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Violent Attacks on Education and the Role of NGOs

I remember coming home to the news of the APS attack, killing 132 children and nine teachers on 16 December 2014. These are not just statistics. These were children trying to go to school and teachers who were doing their job; imparting education. According to the Global Terrorism Index, were 867 violent attacks on educational institutions in Pakistan in 2015 alone. Moreover, TTP and Al-Qaeda recruit children from local schools and madrassahs.

The documentary, ‘Among the believers,’ on Netflix is an interesting watch. It shows the radicalization process that these organizations use to separate the children from the outside influences. It shows the accounts of two children: one who detaches from his family and becomes a Jihadi preacher and the other who escapes Madrassa to join a regular school. Studies from the International Crisis Group hold the lack of quality in mainstream education liable for children’s vulnerability to such recruitment.

When the government fails to provide the necessary support, the role of NGOs becomes pivotal to restore and improve education services in the region. NGOs offer educational services in these conflict zones. While some literature may debate the learning outcomes of educational services provided in the conflict regions, such opportunities help the displaced teenagers ‘hope and cope’. Engaging in recreational activities can help them recover from trauma while they learn collaboration and conflict resolution through these activities. The educational services provided by NGOs help expose essential issues to the community as they incorporate topics like human rights, girl child education, hygiene, and peace.

Although the role of NGOs is significant for the rehabilitation of affected children, there is a need to integrate and institutionalise these services into the national system; thus improving the sustainability of such programs. The government needs to provide proper attention and strong support to such organizations by limiting the constraints for humanitarian agencies.

You may also like to check out:

Among the believers (It used to be on Netflix but they removed it, you might have to look it up further)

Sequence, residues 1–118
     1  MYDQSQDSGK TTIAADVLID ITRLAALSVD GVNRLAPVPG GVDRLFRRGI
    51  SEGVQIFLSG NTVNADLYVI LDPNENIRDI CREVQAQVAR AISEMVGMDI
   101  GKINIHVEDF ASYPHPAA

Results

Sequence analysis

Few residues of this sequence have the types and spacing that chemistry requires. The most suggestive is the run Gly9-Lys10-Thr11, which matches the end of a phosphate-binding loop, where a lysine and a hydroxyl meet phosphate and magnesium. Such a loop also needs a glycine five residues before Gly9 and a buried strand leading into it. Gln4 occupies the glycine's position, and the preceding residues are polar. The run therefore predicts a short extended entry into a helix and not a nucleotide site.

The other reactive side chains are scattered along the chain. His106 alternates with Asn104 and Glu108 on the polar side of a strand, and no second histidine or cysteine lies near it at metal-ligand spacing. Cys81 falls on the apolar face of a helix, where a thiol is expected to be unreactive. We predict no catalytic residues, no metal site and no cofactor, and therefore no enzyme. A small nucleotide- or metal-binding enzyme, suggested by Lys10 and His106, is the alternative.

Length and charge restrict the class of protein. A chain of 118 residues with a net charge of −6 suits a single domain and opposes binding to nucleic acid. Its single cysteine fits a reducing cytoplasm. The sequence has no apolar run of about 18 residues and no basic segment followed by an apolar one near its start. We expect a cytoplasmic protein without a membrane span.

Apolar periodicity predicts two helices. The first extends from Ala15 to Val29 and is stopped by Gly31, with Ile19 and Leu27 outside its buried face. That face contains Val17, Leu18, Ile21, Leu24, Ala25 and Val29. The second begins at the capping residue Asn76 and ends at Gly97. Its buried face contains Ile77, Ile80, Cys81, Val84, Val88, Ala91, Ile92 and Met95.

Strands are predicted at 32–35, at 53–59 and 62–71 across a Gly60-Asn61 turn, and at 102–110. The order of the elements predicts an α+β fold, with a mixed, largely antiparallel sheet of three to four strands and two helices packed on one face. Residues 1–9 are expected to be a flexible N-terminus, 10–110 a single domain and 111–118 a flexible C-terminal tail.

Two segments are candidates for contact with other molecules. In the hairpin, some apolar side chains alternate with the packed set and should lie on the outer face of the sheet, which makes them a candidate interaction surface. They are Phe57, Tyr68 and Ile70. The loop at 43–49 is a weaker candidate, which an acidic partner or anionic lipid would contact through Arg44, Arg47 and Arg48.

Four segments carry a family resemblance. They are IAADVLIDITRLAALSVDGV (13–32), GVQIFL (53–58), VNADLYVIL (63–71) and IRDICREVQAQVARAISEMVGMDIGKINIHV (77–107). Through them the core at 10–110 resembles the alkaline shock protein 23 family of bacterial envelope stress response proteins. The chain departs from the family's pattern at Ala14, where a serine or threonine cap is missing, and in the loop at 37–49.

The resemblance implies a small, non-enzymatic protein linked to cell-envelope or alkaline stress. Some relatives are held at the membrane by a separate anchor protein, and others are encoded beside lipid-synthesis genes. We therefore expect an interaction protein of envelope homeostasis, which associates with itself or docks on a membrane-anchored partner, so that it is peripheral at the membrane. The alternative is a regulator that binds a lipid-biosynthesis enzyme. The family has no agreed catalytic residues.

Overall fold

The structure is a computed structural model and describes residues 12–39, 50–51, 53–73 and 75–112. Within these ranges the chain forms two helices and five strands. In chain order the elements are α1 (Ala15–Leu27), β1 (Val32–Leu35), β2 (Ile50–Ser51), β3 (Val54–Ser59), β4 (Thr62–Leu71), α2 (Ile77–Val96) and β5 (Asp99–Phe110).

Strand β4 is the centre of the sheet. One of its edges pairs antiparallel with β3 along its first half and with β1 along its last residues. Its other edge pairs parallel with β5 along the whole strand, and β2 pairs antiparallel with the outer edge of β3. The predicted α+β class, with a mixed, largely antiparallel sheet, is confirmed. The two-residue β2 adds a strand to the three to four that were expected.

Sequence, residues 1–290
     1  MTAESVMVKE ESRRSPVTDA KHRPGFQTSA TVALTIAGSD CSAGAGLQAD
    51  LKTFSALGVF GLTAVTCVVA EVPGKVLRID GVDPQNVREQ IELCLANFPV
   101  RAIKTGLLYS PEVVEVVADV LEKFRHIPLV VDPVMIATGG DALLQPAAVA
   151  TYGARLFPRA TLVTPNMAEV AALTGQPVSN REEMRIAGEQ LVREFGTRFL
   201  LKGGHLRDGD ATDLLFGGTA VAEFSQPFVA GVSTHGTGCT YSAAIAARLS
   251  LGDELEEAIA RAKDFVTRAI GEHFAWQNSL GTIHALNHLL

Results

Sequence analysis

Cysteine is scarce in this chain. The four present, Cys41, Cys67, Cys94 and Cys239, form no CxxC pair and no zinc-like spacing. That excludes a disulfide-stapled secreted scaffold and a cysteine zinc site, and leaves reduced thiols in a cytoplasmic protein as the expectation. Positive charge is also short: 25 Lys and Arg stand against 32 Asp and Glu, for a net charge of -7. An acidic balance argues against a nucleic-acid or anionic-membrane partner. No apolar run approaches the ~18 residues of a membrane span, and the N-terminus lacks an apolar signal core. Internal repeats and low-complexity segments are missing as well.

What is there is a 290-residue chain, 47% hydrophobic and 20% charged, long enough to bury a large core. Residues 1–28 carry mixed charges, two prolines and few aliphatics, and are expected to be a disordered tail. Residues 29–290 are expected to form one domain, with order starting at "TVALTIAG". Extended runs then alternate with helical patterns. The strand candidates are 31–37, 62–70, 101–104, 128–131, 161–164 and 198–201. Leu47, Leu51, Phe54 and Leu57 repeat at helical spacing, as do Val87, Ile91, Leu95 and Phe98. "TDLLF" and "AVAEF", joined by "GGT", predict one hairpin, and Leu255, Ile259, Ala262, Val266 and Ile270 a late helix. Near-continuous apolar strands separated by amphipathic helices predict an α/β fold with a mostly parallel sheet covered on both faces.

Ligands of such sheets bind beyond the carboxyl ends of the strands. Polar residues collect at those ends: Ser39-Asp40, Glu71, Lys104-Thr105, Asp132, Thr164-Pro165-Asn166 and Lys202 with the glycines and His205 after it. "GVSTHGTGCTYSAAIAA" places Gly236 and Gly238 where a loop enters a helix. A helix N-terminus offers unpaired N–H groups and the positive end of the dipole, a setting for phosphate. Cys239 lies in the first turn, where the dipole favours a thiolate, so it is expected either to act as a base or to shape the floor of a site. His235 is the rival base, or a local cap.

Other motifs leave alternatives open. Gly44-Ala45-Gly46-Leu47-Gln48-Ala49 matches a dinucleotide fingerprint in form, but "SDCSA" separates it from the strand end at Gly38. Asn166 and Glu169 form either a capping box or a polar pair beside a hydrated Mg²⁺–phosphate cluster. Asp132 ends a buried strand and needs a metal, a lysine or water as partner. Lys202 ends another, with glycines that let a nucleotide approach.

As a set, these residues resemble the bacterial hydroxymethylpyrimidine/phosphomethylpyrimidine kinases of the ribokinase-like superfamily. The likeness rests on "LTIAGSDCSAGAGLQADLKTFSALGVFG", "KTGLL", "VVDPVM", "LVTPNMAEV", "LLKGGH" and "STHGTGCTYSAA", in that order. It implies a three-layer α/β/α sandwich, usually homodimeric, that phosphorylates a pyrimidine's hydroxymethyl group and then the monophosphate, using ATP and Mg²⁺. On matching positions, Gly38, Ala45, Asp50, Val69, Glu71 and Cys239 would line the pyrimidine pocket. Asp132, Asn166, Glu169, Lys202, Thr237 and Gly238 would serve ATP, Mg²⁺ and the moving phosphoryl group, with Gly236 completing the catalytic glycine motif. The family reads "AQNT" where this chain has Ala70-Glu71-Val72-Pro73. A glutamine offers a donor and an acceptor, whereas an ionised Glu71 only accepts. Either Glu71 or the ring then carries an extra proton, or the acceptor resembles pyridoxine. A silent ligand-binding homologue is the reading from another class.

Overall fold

Ahsan, N., 2013. Schools vs. Militants: An Overview of the Situation in KPK and FATA. Conflict Monitoring Center. Available at:

Ali, A., 2012. ‘Education – FATA’s Crying Need’. FATA Research Centre, Islamabad. Available at:

Committee on Economic, Social and Cultural Rights (CESCR), 1999. ‘Implementation of the

International Covenant on Economic, Social and Cultural Rights’. United Nations, New York.

Naqvi, A.A., Z.K. Shah and A. Zainab, 2012. ‘The Impact of Militancy on Education in FATA’. TIGAH, A Journal for Peace and Development 2, 22–40.

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6 Kommentare

The state must realize that the NGOs cannot control and administer every other school affected by conflict. For NGOs are limited by their finances and aids. It is the sole responsibility of the governments to act. Only if the governments could act better, who know, we might never had felt the need of NGOs.

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Whenever there is a conflict or crisis situation, we see that these kinds of organizations provide the earliest services and they have all the burden of humanitarian work. While it is the responsibility of our state. Unfortunately, neither do our state provide findings to these organizations nor do they fulfill their responsibilities.

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Unfortunately NGOS in our country are often too small and not backed by government funding to have a significant impact. While they are very effective if built and sustained properly ,neither do we actively fund them neither do we look upon the work of NGOs favourably which has resulted in many NGOS either stop functioning or working at very limited capacity

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Zersh Salman
Zersh Salman
22. Aug. 2021
Antwort an

I think while lack of funds is a valid issue, another issue is these funds being misused as some NGOs don't always use available resources for the right causes. Maybe having some kind of regulation and accountability would improve their overall working.

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While your article is quite compelling, a country like Pakistan assumes welfare to be the domain of Non governmental organisations, with minimal funding provided to such. There is a reason the nature of such initiatives tend to be relatively temporary, and backed by popular funding more than government funding. For the government and NGOs to work hand-in-hand for such causes, the whole system needs to be changed, and the priorities need to be re-evaluated.

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The problem here in our country is that most of the government's work on welfare of people is done by NGOs. so at this point I do not expect a thing from the government's side. the documentary seems intersting, will put it on my list and watch as soon as I get time.

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